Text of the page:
Instructions for Examining Drafted Men

John Hartwell

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#1
Largely for my own convenience, I have transcribed the "Instructions for the Physical Examination of Drafted Men," and "Diseases and Infirmities, which Disqualify for Military Service" [From: Manual of instructions for military surgeons on the examination of recruits and discharge of soldiers: with an appendix, containing the official regulations of the Provost-Marshal General's Bureau, by John Ordronaux, United States Sanitary Commission, 1863]. The transcribed documents are the Official Regulations in the Appendix.

I have put them online here, for anyone who might find them of interest.
 

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#2
Man, if you have arthritis severe enough to restrict limb motion, they are supposed to knock you out with ether to confirm it. That's hardcore.

I think the weirdest disqualification is that you can't be taller than six four. Obviously rare at the time. I have several family members who could not have served.
 
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#3
Largely for my own convenience, I have transcribed the "Instructions for the Physical Examination of Drafted Men," and "Diseases and Infirmities, which Disqualify for Military Service" [From: Manual of instructions for military surgeons on the examination of recruits and discharge of soldiers: with an appendix, containing the official regulations of the Provost-Marshal General's Bureau, by John Ordronaux, United States Sanitary Commission, 1863]. The transcribed documents are the Official Regulations in the Appendix.

I have put them online here, for anyone who might find them of interest.
Examining recruits in "61-62" from : The Life Of Billy Yank" by Bell Wiley

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Leander Stillwell from Otter Creek, Illinois, Enlisted on 1/3/1862, age 18. On 2/5/1862 he mustered into "D" Co. 61st Illinois Infantry. He Re-enlisted on 2/1/1864. He was transferred out on 1/1/1865 to the Veteran Reserve Corps. Promotions: 1st Sergt, 2nd Lieut, 1st Lieut. After the War he lived in Erie, Kansas. Died in 1934. In 1920 he wrote in “The Story Of A Common Soldier.”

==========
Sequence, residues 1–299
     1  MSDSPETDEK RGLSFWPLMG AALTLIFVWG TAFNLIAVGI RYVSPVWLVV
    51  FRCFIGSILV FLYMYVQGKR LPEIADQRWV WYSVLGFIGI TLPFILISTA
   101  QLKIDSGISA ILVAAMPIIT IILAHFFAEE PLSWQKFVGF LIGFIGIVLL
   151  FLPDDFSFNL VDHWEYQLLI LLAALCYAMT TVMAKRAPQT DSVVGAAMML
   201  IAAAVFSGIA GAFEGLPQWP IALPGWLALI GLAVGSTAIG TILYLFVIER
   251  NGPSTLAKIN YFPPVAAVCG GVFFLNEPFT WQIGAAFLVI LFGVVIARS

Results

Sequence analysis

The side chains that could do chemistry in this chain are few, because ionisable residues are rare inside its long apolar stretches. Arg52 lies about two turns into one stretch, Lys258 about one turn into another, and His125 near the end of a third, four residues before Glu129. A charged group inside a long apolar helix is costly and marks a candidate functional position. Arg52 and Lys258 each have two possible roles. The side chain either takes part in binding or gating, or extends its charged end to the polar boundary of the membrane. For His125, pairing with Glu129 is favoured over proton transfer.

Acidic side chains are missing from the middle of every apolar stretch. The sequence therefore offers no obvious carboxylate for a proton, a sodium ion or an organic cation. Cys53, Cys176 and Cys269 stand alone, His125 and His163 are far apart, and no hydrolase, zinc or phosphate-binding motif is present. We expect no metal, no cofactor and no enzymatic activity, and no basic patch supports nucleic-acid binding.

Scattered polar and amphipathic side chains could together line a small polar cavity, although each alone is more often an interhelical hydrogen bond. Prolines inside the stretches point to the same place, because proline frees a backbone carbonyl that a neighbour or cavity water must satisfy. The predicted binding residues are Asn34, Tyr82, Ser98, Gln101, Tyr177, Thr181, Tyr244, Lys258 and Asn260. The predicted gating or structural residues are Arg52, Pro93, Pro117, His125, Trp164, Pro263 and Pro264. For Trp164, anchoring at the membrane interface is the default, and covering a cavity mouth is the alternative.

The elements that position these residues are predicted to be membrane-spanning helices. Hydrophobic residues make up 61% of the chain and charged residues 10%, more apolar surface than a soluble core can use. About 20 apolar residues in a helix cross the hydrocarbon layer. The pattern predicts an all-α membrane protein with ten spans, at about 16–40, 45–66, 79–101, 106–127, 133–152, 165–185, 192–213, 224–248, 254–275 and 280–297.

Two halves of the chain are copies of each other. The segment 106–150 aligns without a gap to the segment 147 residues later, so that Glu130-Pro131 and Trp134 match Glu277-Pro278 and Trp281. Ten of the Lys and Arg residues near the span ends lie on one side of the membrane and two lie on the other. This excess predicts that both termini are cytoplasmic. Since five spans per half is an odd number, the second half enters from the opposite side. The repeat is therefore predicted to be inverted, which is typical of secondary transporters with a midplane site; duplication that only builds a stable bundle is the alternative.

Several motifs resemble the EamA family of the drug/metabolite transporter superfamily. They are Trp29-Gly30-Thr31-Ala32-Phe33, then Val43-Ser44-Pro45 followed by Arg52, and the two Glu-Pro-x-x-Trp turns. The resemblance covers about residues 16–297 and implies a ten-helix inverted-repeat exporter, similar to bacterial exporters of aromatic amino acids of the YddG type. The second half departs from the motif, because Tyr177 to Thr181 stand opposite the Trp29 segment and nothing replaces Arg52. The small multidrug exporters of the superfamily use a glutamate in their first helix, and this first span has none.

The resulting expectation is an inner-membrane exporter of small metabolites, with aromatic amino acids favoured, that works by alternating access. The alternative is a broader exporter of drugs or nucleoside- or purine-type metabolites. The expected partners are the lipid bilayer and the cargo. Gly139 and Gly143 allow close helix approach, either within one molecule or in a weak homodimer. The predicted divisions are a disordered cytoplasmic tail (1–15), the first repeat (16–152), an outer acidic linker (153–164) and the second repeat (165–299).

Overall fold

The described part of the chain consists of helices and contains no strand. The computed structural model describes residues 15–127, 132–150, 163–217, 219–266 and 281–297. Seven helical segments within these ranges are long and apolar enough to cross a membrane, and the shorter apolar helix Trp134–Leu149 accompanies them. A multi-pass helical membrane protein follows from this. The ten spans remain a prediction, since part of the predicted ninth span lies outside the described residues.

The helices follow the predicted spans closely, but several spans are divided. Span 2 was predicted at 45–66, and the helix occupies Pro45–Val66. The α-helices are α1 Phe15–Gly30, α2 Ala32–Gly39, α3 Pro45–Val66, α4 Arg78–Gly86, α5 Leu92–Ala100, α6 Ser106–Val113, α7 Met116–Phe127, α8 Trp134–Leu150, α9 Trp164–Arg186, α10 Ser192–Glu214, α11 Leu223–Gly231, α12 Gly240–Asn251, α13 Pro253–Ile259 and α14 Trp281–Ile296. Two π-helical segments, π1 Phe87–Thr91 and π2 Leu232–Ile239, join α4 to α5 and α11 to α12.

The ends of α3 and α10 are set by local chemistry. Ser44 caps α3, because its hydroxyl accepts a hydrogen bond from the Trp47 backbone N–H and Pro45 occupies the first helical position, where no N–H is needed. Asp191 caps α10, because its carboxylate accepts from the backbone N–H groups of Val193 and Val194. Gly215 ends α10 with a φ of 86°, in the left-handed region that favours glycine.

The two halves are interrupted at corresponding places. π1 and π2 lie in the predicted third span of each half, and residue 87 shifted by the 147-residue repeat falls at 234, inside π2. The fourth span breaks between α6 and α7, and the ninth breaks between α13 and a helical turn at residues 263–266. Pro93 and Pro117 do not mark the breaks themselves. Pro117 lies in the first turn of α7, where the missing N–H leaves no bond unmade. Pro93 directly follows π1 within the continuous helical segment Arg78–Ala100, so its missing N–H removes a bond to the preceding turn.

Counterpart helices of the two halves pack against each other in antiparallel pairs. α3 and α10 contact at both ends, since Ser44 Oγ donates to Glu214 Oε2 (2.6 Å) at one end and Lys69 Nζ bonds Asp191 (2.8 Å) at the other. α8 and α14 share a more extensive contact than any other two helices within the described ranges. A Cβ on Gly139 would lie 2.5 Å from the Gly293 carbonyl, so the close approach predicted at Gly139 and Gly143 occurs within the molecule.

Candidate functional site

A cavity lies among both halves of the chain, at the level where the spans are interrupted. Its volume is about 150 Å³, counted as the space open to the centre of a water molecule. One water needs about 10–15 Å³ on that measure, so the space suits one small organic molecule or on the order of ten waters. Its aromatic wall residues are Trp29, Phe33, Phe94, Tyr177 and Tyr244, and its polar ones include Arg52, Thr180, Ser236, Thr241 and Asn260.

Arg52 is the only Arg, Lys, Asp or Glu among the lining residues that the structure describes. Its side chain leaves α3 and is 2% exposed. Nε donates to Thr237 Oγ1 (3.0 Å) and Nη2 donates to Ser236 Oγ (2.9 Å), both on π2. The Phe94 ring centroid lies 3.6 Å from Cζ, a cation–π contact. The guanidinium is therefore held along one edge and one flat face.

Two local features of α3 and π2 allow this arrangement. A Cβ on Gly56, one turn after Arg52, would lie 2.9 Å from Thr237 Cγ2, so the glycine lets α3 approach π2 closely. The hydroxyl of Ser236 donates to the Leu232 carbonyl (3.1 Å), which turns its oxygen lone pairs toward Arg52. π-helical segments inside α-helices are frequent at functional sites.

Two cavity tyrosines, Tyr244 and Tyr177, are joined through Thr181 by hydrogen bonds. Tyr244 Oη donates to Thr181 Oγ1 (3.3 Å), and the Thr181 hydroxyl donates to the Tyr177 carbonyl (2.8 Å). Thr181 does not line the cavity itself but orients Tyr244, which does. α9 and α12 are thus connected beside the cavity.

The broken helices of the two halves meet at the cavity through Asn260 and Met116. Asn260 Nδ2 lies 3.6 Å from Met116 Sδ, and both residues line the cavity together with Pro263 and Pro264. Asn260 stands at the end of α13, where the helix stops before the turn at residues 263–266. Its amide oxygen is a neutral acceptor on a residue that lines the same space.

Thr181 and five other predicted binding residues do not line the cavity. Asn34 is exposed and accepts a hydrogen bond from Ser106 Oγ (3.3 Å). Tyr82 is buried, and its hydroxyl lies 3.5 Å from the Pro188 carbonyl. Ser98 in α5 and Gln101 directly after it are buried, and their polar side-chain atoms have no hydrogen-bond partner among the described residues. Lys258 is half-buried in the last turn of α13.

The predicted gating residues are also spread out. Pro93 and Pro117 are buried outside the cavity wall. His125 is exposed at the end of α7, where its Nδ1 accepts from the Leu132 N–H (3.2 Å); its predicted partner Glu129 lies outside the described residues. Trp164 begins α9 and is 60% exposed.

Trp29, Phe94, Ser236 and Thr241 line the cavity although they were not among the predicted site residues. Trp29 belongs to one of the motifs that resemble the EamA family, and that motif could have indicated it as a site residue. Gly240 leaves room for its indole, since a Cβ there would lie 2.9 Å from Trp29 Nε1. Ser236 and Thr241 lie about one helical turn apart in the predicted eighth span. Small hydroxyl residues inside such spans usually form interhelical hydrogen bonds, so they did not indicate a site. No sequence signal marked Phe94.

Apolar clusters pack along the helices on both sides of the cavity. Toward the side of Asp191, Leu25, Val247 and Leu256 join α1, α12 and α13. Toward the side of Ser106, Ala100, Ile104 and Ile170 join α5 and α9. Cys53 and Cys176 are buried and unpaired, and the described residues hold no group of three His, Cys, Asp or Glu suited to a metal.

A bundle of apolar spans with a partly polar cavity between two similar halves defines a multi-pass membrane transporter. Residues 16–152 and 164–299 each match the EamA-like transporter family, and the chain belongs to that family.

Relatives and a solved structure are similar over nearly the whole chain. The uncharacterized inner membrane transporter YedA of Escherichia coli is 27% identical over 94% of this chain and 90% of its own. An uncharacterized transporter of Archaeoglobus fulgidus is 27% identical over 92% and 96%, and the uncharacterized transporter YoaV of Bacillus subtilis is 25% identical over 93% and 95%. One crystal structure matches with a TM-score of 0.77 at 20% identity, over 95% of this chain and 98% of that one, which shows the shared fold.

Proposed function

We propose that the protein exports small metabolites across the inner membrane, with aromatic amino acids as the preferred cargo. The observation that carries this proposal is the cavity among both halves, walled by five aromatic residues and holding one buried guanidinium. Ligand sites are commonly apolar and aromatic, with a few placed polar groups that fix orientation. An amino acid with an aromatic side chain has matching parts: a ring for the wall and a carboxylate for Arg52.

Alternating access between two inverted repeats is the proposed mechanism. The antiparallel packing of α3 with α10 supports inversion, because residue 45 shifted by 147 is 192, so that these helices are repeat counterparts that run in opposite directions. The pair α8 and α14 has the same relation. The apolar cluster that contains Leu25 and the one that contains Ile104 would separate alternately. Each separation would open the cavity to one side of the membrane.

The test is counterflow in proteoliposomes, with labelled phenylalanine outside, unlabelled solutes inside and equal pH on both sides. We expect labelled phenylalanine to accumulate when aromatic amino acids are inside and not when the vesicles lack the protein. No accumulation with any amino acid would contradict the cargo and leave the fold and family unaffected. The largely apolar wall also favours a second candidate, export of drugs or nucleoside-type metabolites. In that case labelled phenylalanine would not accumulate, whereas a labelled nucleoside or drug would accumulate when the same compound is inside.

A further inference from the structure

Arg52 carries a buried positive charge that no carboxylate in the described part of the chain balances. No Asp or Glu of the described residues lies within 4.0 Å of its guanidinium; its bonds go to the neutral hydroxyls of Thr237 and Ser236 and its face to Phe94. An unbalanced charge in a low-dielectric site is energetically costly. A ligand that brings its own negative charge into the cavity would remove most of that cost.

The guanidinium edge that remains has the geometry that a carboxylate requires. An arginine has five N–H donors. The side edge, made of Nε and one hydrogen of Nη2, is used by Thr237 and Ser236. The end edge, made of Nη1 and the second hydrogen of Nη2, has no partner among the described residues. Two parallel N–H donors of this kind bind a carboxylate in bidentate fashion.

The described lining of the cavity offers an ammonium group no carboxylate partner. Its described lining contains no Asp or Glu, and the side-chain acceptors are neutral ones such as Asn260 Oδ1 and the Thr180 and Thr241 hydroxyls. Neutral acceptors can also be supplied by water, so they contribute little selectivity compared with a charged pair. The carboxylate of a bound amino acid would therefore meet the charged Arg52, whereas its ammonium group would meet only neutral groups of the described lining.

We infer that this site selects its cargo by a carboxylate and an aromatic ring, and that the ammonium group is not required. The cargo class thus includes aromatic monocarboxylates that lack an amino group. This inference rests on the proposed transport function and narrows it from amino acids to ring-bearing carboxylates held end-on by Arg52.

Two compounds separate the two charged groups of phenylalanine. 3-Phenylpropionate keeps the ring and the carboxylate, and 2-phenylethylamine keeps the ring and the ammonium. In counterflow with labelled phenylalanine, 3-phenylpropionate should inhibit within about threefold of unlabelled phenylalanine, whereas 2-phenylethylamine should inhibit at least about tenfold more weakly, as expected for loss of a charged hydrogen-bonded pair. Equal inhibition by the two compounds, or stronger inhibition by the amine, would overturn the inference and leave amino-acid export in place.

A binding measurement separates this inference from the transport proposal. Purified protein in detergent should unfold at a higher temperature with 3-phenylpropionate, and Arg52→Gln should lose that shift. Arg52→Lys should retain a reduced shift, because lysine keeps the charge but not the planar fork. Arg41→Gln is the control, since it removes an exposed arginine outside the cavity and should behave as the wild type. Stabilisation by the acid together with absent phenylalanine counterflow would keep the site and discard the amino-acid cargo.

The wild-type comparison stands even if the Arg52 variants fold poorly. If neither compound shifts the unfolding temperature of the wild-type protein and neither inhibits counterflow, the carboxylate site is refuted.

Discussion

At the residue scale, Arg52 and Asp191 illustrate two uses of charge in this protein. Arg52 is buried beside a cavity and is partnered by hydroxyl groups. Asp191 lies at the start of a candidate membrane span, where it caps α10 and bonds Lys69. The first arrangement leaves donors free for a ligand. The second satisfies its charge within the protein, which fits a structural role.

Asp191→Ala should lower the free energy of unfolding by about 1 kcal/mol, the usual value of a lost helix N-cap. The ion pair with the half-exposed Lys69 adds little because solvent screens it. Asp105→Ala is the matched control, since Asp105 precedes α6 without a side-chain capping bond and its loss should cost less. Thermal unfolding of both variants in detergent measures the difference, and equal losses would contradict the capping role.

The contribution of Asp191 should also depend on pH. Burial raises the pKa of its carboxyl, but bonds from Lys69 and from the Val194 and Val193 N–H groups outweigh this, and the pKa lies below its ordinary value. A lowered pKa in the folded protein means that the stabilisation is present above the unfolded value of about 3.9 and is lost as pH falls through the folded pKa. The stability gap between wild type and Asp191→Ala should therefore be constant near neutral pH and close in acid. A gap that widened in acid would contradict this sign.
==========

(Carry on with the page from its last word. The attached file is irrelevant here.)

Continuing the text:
“The surgeon at that time was a fat jolly old doctor by the name of Leonidas Clemmons. I was about scared to death when the Captain presented me to him, and requested him to examine me. I reckon the good old doctor saw I was frightened, and he began laughing heartily and saying some kind things about my general appearance. He requested me to stand up straight, then gave me two or three little sort of “love taps”on the chest, turned me round, ran his hands over my shoulders, back, and limbs, laughing and talking all the time, then whirled me round to the front, and rendered judgment on me as follows : “Ah, Captain Reddish ! I only wish you had a hundred such fine boys as this one ! He's all right and good for the service.”


Charles A Barker of Quincy, Massachusettsenlisted enlisted on 10/9/1861 into Company “C” 23rd Massachusetts Infantry. He mustered out on 10/13/1864. On November 10, 1861, he wrote his parents : the examining surgeon felt his collarbones and said, “You have pretty good health don't you ?” when Barker replied affirmatively, the doctor remarked, “You look as though you did.” After inquiring if the recruit had fits or piles, the examiner marked him able for service.
 
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jackt62

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#4
What I know about medical examinations for recruits is that it was important that a man have all (or most of) his teeth so that he could rip apart the paper cartridge to load his musket with powder and ball.
 



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